Even the white man, whose God walks and talks with him as friend to friend, cannot be exempt from the common destiny. We may be brothers after all. We shall see. One thing we know, which the white man may one day discover – Our God is the same God. You may think now that you own Him as you wish to own our land, but you cannot. He is the God of man, and His compassion is equal for red man and the white. The Earth is precious to Him, and to harm the Earth is to heap contempt on its creator. The whites too shall pass, perhaps sooner than all other tribes.

But in your perishing you will shine brightly, fired by the strength of the God who brought you to this land and for some special purpose gave you dominion over this land and over the red man. That destiny is a mystery to us, for we do not understand when the buffalo are slaughtered, the wild horses tamed, the secret corners of the forest heavy with scent of many men, and the view of the ripe hills blotted by talking wires. Where is the thicket? Gone. Where is the Eagle? Gone. The end of living and the beginning of survival.

Intercessions

From BCP (USA) pp.388-389 – no copyright restrictions.
Each petition in the prayer book is followed by silence, Lord, in your mercy Hear our prayer. This might be adapted by using another response, such as: God our creator grant our prayer.

Let us pray for the Church and for the world.

Grant, Almighty God, that all who confess your Name may
be united in your truth, live together in your love, and reveal
your glory in the world.

Guide the people of this land, and of all the nations, in the
ways of justice and peace; that we may honor one another
and serve the common good.

Give us all a reverence for the earth as your own creation,
that we may use its resources rightly in the service of others
and to your honor and glory.

Bless all whose lives are closely linked with ours, and grant
that we may serve Christ in them, and love one another as he
loves us.

Comfort and heal all those who suffer in body, mind, or
spirit; give them courage and hope in their troubles, and
bring them the joy of your salvation.

We commend to your mercy all who have died, that your will
for them may be fulfilled; and we pray that we may share
with all your saints in your eternal kingdom.

The prayers may be concluded with a collect.

A creation focused preface

From BCP (USA) p370 – no copyright restrictions.
God of all power, Ruler of the Universe, you are worthy of
glory and praise.
Glory to you for ever and ever.

At your command all things came to be: the vast expanse of
interstellar space, galaxies, suns, the planets in their courses,
and this fragile earth, our island home.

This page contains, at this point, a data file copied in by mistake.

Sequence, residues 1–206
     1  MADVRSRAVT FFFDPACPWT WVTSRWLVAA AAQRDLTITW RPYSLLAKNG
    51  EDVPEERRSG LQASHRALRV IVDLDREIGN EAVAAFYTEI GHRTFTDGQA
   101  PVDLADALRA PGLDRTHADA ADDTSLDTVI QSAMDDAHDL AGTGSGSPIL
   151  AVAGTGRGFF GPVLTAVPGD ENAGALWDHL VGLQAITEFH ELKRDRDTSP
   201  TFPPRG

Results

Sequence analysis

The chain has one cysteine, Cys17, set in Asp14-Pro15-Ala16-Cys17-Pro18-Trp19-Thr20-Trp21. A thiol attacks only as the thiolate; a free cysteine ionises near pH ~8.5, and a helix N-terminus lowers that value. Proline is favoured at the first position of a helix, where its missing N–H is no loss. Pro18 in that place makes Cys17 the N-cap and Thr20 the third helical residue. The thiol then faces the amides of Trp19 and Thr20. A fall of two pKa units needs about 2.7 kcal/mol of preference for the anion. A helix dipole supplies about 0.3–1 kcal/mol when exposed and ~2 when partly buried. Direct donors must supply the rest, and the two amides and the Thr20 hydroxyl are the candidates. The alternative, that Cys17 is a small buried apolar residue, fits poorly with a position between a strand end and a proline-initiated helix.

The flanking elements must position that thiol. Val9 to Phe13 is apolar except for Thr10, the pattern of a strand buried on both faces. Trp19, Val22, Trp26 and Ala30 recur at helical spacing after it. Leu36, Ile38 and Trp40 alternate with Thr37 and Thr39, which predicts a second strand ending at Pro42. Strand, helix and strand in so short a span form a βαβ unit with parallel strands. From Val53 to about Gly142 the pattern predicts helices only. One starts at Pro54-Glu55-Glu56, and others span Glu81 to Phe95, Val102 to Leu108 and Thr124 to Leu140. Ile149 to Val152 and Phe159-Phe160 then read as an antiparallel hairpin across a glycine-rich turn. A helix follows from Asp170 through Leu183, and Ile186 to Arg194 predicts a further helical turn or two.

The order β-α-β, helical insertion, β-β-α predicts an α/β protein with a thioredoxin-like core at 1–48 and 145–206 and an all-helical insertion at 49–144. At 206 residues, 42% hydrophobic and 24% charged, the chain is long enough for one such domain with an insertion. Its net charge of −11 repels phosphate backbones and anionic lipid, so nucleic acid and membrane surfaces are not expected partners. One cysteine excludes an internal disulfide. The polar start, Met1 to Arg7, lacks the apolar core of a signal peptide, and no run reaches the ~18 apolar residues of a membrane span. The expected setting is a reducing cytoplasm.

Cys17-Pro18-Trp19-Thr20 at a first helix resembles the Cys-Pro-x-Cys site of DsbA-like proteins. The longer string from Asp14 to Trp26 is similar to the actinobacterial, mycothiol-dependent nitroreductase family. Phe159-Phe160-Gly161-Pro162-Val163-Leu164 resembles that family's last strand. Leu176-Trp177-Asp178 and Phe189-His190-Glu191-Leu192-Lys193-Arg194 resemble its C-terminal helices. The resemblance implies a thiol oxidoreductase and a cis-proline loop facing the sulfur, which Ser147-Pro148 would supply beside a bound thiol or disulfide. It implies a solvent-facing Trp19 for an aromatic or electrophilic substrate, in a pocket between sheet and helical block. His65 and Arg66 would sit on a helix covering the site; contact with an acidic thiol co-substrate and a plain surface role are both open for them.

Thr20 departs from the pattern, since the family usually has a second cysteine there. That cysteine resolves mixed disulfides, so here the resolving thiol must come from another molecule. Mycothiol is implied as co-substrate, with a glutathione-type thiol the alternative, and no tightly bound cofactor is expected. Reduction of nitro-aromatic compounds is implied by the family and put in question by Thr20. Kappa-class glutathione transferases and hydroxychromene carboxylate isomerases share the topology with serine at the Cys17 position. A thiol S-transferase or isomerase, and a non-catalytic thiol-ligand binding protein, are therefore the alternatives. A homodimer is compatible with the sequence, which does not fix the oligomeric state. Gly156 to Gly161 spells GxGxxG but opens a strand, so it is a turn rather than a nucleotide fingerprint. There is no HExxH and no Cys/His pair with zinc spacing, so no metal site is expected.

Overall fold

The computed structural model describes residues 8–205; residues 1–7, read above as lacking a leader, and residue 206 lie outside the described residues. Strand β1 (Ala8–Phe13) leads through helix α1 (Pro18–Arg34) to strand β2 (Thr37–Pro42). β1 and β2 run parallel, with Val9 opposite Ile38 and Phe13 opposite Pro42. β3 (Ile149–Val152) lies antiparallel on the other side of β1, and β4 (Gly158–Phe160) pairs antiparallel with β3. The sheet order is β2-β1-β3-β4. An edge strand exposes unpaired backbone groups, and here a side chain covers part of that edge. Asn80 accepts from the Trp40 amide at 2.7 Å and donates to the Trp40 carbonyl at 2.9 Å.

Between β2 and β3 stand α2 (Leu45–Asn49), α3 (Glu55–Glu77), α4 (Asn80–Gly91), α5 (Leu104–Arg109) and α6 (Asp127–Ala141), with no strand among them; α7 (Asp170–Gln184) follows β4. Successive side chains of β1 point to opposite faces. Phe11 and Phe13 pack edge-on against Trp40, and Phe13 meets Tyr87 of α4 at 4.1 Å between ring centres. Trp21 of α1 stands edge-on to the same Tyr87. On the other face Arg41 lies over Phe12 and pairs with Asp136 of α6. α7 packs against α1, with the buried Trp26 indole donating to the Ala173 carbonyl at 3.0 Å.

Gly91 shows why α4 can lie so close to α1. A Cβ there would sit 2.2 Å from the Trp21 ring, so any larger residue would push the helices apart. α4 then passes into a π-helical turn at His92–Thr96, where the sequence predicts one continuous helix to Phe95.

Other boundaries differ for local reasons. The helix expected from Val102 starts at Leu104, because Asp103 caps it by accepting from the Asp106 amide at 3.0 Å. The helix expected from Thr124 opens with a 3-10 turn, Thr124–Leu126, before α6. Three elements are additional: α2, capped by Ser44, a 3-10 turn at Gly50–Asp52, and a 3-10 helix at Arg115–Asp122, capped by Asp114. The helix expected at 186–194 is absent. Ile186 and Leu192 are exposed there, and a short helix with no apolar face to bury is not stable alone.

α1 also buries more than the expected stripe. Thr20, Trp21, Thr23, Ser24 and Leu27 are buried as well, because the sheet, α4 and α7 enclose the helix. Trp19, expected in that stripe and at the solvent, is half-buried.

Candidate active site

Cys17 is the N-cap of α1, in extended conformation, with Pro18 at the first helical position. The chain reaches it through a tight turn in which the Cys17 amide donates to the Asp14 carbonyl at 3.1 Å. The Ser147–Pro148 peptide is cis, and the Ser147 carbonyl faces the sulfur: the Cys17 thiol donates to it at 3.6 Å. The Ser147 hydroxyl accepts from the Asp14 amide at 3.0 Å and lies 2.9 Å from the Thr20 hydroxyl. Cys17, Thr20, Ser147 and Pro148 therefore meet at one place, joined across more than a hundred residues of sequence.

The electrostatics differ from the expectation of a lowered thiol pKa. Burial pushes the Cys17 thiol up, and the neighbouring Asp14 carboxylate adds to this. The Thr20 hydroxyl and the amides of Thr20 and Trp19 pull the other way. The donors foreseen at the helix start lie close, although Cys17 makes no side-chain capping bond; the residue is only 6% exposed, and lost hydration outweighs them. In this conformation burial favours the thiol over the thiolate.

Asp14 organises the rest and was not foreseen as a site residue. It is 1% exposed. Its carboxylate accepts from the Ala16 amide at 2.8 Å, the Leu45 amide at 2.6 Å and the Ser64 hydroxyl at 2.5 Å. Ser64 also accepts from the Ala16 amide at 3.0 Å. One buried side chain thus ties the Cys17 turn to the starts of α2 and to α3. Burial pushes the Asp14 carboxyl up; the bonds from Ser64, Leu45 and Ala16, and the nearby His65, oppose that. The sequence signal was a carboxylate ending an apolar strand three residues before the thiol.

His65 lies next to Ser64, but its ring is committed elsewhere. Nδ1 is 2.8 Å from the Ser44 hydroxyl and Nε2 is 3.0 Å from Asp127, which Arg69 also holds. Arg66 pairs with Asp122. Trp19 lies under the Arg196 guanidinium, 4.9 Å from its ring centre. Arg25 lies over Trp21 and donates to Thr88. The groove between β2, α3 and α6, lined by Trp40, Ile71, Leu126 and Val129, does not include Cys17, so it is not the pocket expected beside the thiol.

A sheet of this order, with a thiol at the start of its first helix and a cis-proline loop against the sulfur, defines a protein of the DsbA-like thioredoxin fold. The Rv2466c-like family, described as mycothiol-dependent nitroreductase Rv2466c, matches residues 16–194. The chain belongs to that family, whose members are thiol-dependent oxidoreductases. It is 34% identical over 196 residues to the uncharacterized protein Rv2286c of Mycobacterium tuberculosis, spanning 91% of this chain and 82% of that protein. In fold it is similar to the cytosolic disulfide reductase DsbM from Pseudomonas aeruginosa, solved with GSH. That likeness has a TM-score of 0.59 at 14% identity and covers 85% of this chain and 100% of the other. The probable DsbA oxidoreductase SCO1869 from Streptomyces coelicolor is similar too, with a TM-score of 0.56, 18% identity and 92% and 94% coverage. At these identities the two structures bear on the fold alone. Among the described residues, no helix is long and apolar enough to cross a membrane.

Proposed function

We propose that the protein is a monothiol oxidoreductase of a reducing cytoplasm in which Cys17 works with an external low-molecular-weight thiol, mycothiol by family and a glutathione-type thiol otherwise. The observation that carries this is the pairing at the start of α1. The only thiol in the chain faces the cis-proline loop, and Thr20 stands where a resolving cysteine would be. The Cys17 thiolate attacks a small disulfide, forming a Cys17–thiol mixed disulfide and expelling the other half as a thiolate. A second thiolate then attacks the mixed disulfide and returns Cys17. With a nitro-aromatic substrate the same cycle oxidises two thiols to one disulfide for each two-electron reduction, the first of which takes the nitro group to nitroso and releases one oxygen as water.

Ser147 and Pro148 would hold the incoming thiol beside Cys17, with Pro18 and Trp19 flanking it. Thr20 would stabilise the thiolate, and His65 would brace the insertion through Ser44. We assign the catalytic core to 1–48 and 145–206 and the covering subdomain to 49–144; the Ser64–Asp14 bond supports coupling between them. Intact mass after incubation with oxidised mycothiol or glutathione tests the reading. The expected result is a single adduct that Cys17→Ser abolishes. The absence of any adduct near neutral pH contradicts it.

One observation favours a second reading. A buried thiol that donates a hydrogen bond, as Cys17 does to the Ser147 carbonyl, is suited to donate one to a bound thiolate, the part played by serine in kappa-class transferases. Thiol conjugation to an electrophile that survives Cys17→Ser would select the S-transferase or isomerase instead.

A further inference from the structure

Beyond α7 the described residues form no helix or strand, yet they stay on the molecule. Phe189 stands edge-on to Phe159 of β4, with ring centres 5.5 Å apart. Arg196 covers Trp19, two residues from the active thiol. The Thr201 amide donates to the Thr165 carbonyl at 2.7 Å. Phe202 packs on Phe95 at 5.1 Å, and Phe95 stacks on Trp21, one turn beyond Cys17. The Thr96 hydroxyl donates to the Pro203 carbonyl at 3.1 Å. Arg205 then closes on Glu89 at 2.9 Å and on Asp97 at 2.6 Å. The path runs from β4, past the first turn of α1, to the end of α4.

By your will they were created and have their being.

From the primal elements you brought forth the human race,
and blessed us with memory, reason, and skill. You made us
the rulers of creation. But we turned against you, and betrayed
your trust; and we turned against one another.
Have mercy, Lord, for we are sinners in your sight.

Again and again, you called us to return. Through prophets
and sages you revealed your righteous Law. And in the
fullness of time you sent you only Son, born of a woman, to
fulfill your Law, to open for is the way of freedom and peace.
By his blood, he reconciled us.
By his wounds, we are healed.

And therefore we praise you, joining with the heavenly
chorus, with prophets, apostles, and martyrs, and with all
those in every generation who have looked to you in hope, to
proclaim with them your glory, in their unending hymn:

The Canadian BAS has adapted this prayer, changed “rulers of creation” to “stewards of creation” and inserted a regular refrain “Glory to you for ever and ever“. They do not have a cue for this refrain, hence, either you need the text in front of you, or the text must be sung with a musical cue for the sung refrain. A better option, in my opinion, is to use a set cue and response such as

God of all creation
we worship and adore you

(see my work on this in Eucharistic Prayer 2 and Eucharistic Prayer 2 adapted.

Alternative Great Thanksgiving / Eucharistic Prayers with a strong focus on creation

Eucharistic Prayer 2 from Enriching our Worship

Eucharistic Prayer 3 from Enriching our Worship

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Rev. Bosco Peters

Welcome to this ecumenical website of resources and reflections on liturgy, spirituality, and worship for individuals and communities. It is run by Rev. Bosco Peters.